Tracking DACA Recipients’ Access to Health Care
National Immigration Law Center
The U.S. health care system is failing immigrants, including recipients of Deferred Action for Childhood Arrivals (DACA). These communities face disparities that stem from longstanding racism, housing discrimination, employment discrimination, and poverty, among other social determinants of health. DACA recipients in particular stand at a crossroads of having uncertain access to status, exclusion from much of the health care safety net and family members at risk of deportation. These inequities were exacerbated during the COVID-19 pandemic, when immigrants were ineligible for some programs providing relief and were overrepresented among essential workers.
This fact sheet reports on findings from a survey of 1,021 DACA recipients administered by Tom K. Wong of the University of California, San Diego, United We Dream, the National Immigration Law Center, and the Center for American Progress, in 2021. In this survey, the authors asked a comprehensive set of questions about DACA recipients’ access to health care and services. The research finds that respondents face significant health disparities.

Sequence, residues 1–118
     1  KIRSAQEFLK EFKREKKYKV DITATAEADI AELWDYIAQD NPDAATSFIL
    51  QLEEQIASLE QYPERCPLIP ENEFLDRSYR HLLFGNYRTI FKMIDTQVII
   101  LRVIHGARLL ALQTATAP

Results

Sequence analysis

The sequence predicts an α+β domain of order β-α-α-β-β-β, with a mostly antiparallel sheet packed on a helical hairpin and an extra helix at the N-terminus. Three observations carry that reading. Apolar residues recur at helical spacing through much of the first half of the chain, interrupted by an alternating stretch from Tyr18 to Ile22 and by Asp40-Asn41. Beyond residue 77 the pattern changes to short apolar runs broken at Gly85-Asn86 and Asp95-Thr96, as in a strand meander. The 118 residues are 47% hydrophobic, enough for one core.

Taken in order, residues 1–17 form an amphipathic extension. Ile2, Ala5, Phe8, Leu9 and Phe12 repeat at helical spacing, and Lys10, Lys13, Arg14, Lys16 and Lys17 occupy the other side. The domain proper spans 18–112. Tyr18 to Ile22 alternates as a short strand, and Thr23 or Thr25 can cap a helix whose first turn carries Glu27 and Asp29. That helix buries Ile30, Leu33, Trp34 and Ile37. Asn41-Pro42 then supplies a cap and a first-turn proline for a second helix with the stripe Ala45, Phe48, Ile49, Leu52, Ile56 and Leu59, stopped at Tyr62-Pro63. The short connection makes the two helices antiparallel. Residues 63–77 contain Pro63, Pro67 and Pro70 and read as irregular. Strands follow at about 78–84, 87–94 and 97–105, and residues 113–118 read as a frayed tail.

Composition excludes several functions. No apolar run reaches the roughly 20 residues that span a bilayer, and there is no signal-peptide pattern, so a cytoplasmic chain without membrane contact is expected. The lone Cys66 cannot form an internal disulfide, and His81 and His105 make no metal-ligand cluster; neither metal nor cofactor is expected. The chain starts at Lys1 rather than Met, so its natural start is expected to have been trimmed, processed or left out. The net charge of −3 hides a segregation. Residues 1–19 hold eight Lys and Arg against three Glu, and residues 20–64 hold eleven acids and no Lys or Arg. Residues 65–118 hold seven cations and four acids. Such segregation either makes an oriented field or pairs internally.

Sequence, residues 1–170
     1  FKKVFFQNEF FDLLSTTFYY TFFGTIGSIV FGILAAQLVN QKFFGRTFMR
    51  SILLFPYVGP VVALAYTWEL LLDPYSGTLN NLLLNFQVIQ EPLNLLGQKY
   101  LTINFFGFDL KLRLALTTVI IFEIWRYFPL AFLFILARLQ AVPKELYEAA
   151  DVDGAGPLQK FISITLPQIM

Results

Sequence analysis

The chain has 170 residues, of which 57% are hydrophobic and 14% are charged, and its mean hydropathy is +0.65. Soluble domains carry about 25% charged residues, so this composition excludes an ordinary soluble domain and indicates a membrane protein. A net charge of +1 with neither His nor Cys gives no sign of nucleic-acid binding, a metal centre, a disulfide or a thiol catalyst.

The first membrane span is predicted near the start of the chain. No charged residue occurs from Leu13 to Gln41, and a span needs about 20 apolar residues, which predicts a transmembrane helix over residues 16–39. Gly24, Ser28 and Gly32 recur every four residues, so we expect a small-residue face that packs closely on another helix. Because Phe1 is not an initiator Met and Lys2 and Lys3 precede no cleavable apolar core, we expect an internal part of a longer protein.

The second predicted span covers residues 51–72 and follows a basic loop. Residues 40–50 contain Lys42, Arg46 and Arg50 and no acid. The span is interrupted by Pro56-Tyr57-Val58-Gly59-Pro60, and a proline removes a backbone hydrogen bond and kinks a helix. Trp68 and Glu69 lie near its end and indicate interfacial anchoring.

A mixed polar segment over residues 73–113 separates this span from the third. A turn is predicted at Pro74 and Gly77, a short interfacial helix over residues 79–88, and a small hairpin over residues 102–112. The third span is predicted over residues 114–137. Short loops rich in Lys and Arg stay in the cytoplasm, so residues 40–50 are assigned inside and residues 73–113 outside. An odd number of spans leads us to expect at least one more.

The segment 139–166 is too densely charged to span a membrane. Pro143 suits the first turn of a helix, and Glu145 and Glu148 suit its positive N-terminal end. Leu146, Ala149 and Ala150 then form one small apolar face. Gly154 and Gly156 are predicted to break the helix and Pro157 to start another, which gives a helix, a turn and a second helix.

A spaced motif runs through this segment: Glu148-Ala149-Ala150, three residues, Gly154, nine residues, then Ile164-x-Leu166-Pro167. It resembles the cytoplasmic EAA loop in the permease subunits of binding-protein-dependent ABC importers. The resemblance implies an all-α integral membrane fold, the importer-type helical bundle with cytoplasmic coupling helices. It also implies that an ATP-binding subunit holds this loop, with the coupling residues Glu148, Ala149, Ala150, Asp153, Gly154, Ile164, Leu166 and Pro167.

DACA has been in existence for nearly a decade, after it was first announced in June 2012. Under the program, people who came to the U.S. as children and meet other requirements may receive renewable grants of relief from deportation and work authorization. However, when DACA was established, the Department of Health and Human Services made a determination that recipients would not be considered lawfully present for purposes of eligibility for Affordable Care Act, Medicaid and Children’s Health Insurance Program (CHIP) coverage. As a result, hundreds of thousands of people have been denied eligibility for health insurance tax credits, as well as Medicaid and CHIP coverage in states that have opted to cover lawfully residing children and pregnant people.